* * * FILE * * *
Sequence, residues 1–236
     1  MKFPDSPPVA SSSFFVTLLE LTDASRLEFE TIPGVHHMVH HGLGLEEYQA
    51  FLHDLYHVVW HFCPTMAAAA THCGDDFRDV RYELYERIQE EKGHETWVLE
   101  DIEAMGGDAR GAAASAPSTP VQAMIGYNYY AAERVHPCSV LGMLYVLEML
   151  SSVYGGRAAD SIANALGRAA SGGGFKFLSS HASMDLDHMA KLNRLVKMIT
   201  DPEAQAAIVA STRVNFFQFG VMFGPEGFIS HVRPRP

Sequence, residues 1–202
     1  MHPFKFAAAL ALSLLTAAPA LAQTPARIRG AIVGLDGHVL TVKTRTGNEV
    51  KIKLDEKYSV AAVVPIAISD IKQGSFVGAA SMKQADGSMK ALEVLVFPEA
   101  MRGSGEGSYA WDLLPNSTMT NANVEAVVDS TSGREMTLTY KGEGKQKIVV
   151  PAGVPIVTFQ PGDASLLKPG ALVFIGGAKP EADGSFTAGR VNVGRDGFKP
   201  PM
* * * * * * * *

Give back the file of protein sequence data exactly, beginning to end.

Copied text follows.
Sequence, residues 1–236
     1  MKFPDSPPVA SSSFFVTLLE LTDASRLEFE TIPGVHHMVH HGLGLEEYQA
    51  FLHDLYHVVW HFCPTMAAAA THCGDDFRDV RYELYERIQE EKGHETWVLE
   101  DIEAMGGDAR GAAASAPSTP VQAMIGYNYY AAERVHPCSV LGMLYVLEML
   151  SSVYGGRAAD SIANALGRAA SGGGFKFLSS HASMDLDHMA KLNRLVKMIT
   201  DPEAQAAIVA STRVNFFQFG VMFGPEGFIS HVRPRP

Sequence, residues 1–202
     1  MHPFKFAAAL ALSLLTAAPA LAQTPARIRG AIVGLDGHVL TVKTRTGNEV
    51  KIKLDEKYSV AAVVPIAISD IKQGSFVGAA SMKQADGSMK ALEVLVFPEA
   101  MRGSGEGSYA WDLLPNSTMT NANVEAVVDS TSGREMTLTY KGEGKQKIVV
   151  PAGVPIVTFQ PGDASLLKPG ALVFIGGAKP EADGSFTAGR VNVGRDGFKP
   201  PM